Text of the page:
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Economical On/Off Power Switch Schematic Circuit Diagram

Many appliances these days are switched on and off with the simple push of a ‘soft’ on/off button. In the ‘off’ position the appliance is merely in the sleep state and continues to use a small amount of energy — and that is just ‘not done’ nowadays. This circuit not only retains the feature of switching on and off with one simple pushbutton but also reduces the power consumption in the off-state to zero.

Economical On Off Power Switch Schematic Circuit Diagram

When pushbutton S1 is pressed, the circuit receives its power supply voltage via the capacitive voltage divider containing C1. The rectified voltage across C2 energizes the relay RE1.B via R3. LED D2 lights up. One set of the relay contacts is connected in parallel with S1 so that the relay will continue to be energized when S1 is released. The remainder of the circuit has no effect in turn on. C3 ensures that T2 blocks and capacitor C4 are not charged yet. Both conditions ensure that T1 does not have any base current and is therefore off. The relay can now close and the AC power line voltage across K1 is switched through to K2.

After power on, C4 will charge slowly. After about 0.25 sec the voltage is high enough to turn T3 on via zener diode D4. There is now a voltage at the emitter of T3. If S1 is now pressed then T1 will receive base current via T3 and the second contact of S1. T1 conducts and shorts the voltage across RE1.B, which de-energizes the relay. At the same time, T2 ensures that the circuit latches: T1 provides base current, via R6, for T2. This will conduct and provide base current for T1 via R7. So T1 will continue to conduct, even after S1 is released. C2 is discharged via R3. In this way the power supply voltage for latch T1-T2 will eventually disappear, so it will unlatch. Timing capacitor C4 is also discharged, via D5, so that the circuit is now ready for the next start. The entire circuit is completely disconnected from the mains, the current consumption is literally zero!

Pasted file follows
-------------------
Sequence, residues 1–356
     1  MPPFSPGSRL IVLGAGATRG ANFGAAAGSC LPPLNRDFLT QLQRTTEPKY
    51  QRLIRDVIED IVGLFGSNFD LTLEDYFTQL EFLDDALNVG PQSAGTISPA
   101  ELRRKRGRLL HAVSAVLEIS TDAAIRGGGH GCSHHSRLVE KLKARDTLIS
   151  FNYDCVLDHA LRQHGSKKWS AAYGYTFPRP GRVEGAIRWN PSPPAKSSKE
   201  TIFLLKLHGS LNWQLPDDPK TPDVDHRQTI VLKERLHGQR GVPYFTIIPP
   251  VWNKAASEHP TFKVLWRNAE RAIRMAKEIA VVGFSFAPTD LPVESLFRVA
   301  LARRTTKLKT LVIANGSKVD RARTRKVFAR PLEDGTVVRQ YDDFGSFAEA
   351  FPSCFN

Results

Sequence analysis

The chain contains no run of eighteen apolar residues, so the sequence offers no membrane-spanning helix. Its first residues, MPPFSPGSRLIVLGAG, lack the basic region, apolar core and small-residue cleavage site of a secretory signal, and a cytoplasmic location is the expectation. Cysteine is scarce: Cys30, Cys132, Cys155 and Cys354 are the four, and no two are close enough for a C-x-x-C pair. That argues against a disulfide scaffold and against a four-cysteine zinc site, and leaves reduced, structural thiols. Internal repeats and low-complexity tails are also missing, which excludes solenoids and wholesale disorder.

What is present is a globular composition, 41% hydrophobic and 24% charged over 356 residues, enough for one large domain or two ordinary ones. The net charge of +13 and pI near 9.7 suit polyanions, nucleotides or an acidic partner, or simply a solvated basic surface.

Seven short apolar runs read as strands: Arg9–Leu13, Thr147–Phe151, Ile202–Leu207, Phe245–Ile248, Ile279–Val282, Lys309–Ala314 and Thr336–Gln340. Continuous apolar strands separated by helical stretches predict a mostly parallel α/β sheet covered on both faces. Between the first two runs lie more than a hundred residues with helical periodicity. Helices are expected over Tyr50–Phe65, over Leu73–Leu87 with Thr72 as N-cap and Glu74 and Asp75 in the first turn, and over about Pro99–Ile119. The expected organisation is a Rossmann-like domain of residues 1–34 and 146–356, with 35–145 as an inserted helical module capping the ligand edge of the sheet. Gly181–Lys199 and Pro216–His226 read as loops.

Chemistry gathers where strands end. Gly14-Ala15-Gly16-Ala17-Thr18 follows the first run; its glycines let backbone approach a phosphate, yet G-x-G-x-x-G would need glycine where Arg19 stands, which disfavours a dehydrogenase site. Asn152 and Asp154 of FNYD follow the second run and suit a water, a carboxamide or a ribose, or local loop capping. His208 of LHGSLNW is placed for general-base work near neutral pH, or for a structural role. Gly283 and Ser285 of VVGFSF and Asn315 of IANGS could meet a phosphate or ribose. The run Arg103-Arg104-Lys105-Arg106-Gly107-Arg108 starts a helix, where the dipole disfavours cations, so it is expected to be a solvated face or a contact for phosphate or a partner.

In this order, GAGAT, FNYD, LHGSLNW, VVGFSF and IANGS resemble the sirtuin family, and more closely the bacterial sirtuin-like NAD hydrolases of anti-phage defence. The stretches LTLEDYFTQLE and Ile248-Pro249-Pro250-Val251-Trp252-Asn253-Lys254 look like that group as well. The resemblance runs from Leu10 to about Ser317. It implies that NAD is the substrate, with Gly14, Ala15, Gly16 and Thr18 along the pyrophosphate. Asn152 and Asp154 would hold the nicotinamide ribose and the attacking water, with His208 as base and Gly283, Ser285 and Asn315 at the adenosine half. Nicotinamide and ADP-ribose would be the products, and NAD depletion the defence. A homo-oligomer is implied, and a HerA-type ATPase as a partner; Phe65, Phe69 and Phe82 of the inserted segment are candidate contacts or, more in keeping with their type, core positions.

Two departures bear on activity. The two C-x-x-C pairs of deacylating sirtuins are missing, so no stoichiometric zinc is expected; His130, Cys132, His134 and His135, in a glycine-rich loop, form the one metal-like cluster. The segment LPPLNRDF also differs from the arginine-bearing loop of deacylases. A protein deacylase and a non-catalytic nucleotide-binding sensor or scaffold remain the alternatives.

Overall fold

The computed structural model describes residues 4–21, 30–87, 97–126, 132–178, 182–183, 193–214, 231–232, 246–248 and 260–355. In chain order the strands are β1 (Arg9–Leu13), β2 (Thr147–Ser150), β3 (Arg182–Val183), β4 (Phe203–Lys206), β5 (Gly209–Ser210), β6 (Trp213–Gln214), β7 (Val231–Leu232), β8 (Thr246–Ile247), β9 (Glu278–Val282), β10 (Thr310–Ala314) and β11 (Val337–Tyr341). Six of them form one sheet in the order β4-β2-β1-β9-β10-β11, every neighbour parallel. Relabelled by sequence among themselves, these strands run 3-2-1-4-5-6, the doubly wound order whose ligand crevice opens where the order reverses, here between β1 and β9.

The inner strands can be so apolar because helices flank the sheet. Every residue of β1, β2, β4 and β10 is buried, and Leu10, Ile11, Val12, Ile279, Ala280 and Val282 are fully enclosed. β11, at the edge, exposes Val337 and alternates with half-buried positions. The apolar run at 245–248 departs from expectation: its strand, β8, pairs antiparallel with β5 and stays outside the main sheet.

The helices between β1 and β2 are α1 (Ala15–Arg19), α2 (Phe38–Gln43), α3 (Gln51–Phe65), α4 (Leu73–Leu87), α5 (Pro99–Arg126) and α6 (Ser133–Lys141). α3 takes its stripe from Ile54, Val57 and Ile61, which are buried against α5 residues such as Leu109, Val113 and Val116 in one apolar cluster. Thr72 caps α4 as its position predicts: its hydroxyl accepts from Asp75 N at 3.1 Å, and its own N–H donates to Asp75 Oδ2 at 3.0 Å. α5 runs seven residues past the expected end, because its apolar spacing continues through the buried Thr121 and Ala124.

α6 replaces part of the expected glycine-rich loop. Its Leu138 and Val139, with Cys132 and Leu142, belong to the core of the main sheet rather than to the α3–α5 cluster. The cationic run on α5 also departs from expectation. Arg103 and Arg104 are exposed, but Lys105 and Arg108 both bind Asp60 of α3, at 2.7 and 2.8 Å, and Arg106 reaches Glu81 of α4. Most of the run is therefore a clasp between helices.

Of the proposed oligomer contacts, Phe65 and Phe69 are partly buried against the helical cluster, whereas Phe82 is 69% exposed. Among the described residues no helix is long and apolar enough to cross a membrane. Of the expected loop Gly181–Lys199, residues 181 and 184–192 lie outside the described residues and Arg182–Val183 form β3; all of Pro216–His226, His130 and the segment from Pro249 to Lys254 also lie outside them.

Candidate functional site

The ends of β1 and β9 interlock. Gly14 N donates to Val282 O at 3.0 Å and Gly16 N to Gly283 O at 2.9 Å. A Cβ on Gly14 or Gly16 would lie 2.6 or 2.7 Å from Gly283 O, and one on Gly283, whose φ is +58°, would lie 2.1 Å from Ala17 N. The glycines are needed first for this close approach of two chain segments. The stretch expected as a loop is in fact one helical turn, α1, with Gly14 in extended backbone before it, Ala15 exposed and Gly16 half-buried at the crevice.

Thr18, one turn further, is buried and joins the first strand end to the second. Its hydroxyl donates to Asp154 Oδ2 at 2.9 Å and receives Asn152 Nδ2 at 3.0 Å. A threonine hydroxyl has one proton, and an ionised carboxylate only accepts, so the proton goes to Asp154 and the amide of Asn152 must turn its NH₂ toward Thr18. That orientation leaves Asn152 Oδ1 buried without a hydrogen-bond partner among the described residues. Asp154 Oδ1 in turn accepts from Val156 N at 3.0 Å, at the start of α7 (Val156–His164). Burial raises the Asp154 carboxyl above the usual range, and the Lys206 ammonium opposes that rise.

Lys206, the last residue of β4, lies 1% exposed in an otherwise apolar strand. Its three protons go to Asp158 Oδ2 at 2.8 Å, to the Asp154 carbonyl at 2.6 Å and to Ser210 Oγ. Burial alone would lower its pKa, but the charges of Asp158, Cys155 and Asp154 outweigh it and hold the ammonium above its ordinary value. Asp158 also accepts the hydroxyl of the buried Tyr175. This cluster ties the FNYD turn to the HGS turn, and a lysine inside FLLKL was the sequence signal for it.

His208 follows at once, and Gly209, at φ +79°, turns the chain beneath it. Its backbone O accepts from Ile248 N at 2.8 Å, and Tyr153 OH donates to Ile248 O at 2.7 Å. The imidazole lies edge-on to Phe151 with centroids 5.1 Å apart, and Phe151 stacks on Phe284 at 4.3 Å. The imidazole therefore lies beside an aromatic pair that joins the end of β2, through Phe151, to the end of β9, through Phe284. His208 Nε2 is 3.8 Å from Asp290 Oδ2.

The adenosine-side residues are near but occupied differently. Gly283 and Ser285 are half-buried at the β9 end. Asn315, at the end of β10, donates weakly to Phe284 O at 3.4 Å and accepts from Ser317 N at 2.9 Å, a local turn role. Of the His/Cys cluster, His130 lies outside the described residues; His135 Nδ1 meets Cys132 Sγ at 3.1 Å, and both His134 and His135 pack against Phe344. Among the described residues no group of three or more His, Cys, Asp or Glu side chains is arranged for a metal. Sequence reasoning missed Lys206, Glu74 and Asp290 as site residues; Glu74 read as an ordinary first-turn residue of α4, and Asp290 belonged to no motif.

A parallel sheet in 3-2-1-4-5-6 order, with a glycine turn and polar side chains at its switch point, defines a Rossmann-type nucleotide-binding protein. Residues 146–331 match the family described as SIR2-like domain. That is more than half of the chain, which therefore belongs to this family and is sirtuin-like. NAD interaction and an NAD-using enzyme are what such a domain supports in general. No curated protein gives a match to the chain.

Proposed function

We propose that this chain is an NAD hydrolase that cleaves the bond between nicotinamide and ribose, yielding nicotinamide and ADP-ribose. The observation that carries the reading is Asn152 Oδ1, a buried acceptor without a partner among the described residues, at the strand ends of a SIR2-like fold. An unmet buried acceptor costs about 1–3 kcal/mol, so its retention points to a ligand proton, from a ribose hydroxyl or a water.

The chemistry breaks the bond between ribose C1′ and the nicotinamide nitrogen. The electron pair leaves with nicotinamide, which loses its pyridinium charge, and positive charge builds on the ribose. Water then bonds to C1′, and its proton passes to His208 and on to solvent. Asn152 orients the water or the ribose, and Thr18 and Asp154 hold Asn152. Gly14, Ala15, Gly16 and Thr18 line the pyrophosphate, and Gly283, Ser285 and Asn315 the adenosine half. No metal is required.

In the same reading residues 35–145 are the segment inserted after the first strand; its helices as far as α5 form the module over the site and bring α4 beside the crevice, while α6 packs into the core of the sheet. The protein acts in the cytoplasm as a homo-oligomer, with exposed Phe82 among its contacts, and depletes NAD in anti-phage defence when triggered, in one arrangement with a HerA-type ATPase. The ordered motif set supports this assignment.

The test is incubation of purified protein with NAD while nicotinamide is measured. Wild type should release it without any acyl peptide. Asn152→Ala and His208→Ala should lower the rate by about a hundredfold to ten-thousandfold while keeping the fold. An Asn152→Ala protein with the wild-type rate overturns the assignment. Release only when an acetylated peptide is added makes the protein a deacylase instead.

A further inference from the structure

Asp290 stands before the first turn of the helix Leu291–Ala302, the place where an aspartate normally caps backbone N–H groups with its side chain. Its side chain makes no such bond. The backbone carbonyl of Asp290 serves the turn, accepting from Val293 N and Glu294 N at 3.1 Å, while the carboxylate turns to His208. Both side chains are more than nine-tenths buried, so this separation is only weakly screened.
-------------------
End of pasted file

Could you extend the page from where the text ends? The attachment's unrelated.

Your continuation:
The value of capacitor C1 mainly depends on the relay that is used. As an example, we are using an Omron MY4-24VDC [1]. The relay is a 24V-type which is happy with a coil current of 40 mA and has contacts that allow for a load of up to 5 A. At 24 V across the relay there is a current of about 10 mA through LED D2. The total current when switching on is therefore about 50 mA. The value of capacitor C1 is roughly determined as follows:

XC1 = UC1/IC1 = (115 V – 24 V)/50 mA = 1.8 kΩ C1 = 1/2πfXC1 = 1 / (2 x 3.14 x 50 x 4120) = 1.47 uF (1.5 uF)

It is absolutely essential that this capacitor be suitable for operation at AC grid voltages and is preferably a Class X2 type, for example one from the MKP 336 2 X2 series made by Vishay [2]. The capacitor actually limits the total current that can flow through the circuit. When T1 conducts, C1 limits the current through T1 to about 50 mA. The magnitude of this current also gives an indication of the apparent power that the circuit draws:

PS = U x I = 115 V x 50 mA = 5.75 VA.

The actual real power of the circuit is smaller than this value since the cos ϕ of the circuit is certainly smaller than 1. Resistor R2 discharges capacitor C1 after switching off. This also has to be a type rated for 115 VAC (for example the MBE/SMA 0414 series [3]). Switch S1 to needs to be appropriate for AC power line operation. It is possible to replace R2 with two ‘ordinary’ resistors of 470 kΩ in series. Resistor R1 limits the switch on current through S1 when capacitor C1 is discharged.




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